Birds do a lot for us—beyond being easy on the eyes, their assistance in the pollination process helps ensure that we humans have enough food to eat. But more pollinating insects, birds, and other animals are going extinct today than ever before, according to a report released last week by the Intergovernmental Science-Policy Platform on Biodiversity and Ecosystem Services (IPBES), an international conservation task force. And without immediate action to protect those species, it warns, the global food supply could be decimated.
About 16.5 percent of bird and mammal pollinators (that includes bats, marsupials, monkeys, lemurs and rodents) are currently threatened with extinction, while more than 40 percent of pollinating insects—especially bees and butterflies—are similarly threatened, according to the task force of about 80 experts, which met in Kuala Lumpur, Malaysia, to release the report.
The Repercussions of Losing Pollinators
The loss of these creatures would have a reverberating effect on the Earth’s plant life—animals pollinate nearly 90 percent of the world’s plants and at least 75 percent of food crops, according to IPBES. Crops used for biofuels, fibers, craft and construction materials, medicine, and livestock feed are also dependent on pollinators to successfully reproduce.
The decimation of these animals may limit the availability of crops that depend on pollination, such as apples, broccoli, and almonds, and make humans more dependent on crops that don’t require pollination, such as corn and carrots, or those that can be pollinated by wind and water, such as tomatoes and eggplant.
“To maintain the wide variety of foods we need to stay healthy, we need pollinators,” says Ann Bartuska, deputy chief for research at the USDA Forest Service and an author of the IPBES study.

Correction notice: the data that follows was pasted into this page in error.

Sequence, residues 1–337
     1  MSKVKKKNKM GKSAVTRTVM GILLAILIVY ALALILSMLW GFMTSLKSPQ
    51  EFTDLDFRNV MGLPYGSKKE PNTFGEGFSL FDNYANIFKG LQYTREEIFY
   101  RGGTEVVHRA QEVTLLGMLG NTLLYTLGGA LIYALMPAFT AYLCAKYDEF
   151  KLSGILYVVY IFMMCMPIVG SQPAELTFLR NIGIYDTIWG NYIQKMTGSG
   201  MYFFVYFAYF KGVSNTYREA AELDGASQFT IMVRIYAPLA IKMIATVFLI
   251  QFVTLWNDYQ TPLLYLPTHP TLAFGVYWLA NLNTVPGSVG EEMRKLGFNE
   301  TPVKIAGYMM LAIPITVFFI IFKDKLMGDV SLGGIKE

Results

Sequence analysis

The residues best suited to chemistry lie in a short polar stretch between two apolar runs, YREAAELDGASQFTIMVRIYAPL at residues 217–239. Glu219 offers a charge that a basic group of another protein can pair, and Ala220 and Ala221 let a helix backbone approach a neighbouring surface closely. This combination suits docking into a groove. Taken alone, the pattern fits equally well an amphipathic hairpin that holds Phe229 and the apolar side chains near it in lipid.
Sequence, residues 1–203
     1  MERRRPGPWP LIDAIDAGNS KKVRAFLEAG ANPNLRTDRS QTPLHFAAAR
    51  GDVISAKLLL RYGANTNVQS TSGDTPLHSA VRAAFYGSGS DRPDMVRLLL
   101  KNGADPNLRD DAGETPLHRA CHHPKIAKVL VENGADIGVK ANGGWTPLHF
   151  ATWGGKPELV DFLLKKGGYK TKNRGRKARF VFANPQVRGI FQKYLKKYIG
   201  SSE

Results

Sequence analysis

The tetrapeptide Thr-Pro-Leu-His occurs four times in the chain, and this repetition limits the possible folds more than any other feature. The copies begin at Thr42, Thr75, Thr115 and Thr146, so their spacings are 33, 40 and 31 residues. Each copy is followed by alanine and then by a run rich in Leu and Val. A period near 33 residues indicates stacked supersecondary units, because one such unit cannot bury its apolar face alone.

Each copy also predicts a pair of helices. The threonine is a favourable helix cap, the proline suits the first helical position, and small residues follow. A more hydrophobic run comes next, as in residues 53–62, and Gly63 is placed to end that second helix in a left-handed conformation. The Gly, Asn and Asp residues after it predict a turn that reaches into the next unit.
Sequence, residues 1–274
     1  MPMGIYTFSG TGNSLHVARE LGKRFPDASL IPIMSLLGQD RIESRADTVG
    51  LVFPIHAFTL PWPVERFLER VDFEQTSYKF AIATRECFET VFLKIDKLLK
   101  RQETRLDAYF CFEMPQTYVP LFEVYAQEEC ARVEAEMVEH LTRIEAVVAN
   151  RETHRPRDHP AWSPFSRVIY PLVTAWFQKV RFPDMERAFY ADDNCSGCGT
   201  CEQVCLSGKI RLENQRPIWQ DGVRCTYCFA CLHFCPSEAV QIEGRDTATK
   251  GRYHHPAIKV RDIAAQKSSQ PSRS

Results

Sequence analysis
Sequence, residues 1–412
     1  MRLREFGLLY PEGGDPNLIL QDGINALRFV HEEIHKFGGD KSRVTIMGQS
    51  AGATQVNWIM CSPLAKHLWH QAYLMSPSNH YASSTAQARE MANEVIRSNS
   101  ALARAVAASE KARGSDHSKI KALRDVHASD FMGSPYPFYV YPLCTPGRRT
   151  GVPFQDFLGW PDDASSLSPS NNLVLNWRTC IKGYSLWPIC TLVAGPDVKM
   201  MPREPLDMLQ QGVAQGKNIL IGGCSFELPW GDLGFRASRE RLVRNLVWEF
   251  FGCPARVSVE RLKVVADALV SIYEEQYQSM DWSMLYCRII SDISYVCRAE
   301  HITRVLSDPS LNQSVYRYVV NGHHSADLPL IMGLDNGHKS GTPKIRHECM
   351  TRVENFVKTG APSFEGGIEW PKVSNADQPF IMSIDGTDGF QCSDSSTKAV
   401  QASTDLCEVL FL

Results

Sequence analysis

Some of the major causes of pollinator species losses include habitat loss, pesticide use, climate change and industrial agricultural practices—especially the planting of large-scale monocultures, says Dr. David Inouye, an author of the IPBES report and professor emeritus of biology at the University of Maryland.
While somber in its predictions, the researchers behind the IPBES report are hopeful it will compel people to help pollinators. Already, the Environmental Protection Agency and U.S. Department of Agriculture are working on a White House mandate to better protect the health of pollinators, including monitoring pollinator populations, restoring their natural habitat and protecting them from pesticides. Individuals can also help boost pollinator populations by planting flowers that attract pollinators and being cautious when using pesticides.
What Do Birds Have to Do With It?
“Bees are clearly the most important pollinators,” says Dr. Gretchen LeBuhn, an author of the IPBES report and professor of Ecology and Evolution at the University of California, Santa Barbara. “However, hummingbirds, orioles, and a variety of other flower-visiting birds do provide pollination service, although primarily to wildflowers.”
Worldwide, there are about 2,000 species of pollinating birds, according to the U.S. Forest Service, including honeycreepers, honeyeaters, sunbirds, and some parrots. The birds help fertilize plants in the same way as any other pollinator—by transferring pollen (via their bills) from one flower to another as they flit between plants feeding on nectar. Bird pollination mainly occurs in tropical regions, where they help pollinate a few food crops, including bananas, papaya and nutmeg.
There are no North American commercial crops that require birds for pollination—in this ecosystem birds primarily pollinate wildflowers. The decimation of these wildflower habitats, largely thanks to monoculture agriculture, has also hurt pollinating bird species.
“While we may not eat the wildflowers birds pollinate, those plants are important for the health of the global ecosystem as a whole,” says Dr. Eugenie Regan, senior principle consultant at The Biodiversity Consultancy, a UK-based environmental risk-assessment firm. Regan is lead author of a different study on pollinating species populations, published last year.
What’s more, it turns out IPBES may have underestimated the number of birds and other pollinating species at risk of extinction.
“The members of IPBES are the best minds we have, but the data they’ve used was already quite old by the time they made their assessment,” says Regan. “The situation for birds could be much worse—but that’s all the more reason to start protecting them, and other pollinators, now.”